Background: Patients with HIV and drug-resistant tuberculosis (TB) are at high risk of death.
Objectives: We investigated the association between rifampicin-resistant TB (RR-TB) and mortality in a cohort of patients who were admitted to hospital at the time of TB diagnosis.
Method: Adults hospitalised at Khayelitsha Hospital and diagnosed with HIV-associated TB during admission, were enrolled between 2013 and 2016. Clinical, biochemical and microbiological data were prospectively collected and participants were followed up for 12 weeks.
Results: Participants with microbiologically confirmed TB ( n = 482) were enrolled a median of two days (interquartile range [IQR]: 1-3 days) following admission. Fifty-three participants (11.0%) had RR-TB. Participants with rifampicin-susceptible TB (RS-TB) received appropriate treatment a median of one day (IQR: 1-2 days) following enrolment compared to three days (IQR: 1-9 days) in participants with RR-TB. Eight participants with RS-TB (1.9%) and six participants with RR-TB (11.3%) died prior to the initiation of appropriate treatment. Mortality at 12 weeks was 87/429 (20.3%) in the RS-TB group and 21/53 (39.6%) in the RR-TB group. RR-TB was a significant predictor of 12-week mortality (hazard ratio: 1.88; 95% confidence interval: 1.07-3.29; P = 0.03).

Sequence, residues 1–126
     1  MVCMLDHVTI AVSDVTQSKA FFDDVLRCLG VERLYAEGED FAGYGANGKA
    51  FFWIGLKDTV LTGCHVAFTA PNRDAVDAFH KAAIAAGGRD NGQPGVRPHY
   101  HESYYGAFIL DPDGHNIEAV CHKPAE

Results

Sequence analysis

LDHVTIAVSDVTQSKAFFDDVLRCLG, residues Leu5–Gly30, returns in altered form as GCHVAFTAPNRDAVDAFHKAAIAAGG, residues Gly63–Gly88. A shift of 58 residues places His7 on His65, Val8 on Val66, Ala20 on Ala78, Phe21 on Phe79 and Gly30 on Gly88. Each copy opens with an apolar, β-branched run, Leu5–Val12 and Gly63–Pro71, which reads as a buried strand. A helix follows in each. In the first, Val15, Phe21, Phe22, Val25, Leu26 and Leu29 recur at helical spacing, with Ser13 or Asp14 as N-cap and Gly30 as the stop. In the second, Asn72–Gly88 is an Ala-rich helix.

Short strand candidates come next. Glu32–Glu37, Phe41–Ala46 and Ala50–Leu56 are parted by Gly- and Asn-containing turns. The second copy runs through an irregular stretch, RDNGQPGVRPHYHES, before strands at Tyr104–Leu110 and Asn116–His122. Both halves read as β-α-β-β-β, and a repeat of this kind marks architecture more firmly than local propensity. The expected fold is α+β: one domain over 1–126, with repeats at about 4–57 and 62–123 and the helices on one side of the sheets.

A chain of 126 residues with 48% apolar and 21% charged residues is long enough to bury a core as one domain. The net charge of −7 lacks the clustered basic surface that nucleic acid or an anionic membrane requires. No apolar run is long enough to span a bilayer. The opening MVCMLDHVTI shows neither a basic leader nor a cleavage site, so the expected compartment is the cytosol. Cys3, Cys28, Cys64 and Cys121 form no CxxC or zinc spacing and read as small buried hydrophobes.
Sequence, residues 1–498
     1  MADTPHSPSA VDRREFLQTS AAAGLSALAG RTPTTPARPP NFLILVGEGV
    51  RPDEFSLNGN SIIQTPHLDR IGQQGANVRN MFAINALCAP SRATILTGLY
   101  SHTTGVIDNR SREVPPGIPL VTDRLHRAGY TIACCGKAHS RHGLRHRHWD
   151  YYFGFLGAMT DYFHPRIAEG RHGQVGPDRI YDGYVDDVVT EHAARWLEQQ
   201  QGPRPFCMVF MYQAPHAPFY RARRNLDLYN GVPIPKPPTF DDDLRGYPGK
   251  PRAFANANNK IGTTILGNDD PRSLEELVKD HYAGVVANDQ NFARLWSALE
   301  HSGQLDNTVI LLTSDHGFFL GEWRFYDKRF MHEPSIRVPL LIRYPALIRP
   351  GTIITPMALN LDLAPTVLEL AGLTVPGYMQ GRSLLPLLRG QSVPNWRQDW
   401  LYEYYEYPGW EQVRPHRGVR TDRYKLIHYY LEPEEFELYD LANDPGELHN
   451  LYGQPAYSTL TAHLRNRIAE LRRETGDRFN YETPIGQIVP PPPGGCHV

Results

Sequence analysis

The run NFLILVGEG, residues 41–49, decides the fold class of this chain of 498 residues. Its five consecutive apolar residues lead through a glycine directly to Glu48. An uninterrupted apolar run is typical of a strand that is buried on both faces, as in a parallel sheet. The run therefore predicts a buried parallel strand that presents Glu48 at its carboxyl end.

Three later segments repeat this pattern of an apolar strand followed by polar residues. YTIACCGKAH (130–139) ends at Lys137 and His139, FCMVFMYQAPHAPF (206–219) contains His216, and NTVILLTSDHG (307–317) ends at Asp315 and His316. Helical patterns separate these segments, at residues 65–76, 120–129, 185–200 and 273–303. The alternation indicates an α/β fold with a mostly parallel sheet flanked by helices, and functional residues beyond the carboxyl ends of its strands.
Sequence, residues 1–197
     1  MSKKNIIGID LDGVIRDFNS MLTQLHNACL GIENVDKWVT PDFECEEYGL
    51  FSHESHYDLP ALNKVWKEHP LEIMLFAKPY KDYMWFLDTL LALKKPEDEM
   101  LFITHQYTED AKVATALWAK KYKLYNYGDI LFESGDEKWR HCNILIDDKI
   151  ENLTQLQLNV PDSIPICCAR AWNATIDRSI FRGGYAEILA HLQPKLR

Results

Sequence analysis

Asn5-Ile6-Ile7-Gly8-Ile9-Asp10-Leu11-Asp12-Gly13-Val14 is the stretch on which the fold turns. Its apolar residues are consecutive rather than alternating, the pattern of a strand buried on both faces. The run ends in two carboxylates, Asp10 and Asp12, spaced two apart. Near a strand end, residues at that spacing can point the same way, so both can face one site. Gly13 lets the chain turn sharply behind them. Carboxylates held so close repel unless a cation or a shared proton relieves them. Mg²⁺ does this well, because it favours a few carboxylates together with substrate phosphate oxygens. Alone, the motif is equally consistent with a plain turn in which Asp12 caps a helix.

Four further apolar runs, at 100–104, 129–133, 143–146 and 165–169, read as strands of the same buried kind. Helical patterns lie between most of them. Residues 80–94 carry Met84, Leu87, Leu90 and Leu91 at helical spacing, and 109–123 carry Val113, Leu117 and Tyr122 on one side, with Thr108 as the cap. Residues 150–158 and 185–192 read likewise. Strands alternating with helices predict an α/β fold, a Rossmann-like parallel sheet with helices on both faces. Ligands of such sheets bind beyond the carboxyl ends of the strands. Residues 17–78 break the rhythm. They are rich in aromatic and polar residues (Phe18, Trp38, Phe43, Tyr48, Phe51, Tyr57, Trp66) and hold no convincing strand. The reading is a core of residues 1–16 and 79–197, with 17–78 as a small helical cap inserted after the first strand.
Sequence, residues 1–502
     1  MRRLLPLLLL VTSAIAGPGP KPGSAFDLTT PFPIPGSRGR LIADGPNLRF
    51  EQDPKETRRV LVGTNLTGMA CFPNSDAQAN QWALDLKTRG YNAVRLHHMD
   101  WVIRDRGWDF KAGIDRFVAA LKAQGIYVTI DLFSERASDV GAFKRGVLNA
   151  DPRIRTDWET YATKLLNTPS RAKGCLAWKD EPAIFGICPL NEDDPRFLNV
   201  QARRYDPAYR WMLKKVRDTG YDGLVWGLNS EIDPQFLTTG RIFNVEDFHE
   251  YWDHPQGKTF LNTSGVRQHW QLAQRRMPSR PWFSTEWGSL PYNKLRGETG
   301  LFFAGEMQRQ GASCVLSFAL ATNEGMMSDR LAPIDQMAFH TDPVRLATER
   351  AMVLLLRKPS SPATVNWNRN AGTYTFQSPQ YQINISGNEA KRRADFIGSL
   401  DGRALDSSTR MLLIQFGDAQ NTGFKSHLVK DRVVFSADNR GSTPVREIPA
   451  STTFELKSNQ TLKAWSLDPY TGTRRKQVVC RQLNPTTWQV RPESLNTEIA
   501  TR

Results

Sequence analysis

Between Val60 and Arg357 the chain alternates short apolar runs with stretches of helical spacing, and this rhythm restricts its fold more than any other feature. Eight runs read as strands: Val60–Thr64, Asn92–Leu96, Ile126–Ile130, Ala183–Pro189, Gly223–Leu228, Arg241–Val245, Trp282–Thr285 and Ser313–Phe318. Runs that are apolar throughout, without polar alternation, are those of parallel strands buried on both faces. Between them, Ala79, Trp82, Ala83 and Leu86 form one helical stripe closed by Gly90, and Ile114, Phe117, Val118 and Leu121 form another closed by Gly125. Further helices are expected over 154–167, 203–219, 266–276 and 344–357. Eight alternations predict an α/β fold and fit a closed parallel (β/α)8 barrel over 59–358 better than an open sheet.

Conclusion: Mortality at 12 weeks in participants with RR-TB was high compared to participants with RS-TB. Delays in the initiation of appropriate treatment and poorer regimen efficacy are proposed as contributors to higher mortality in hospitalised patients with HIV and RR-TB.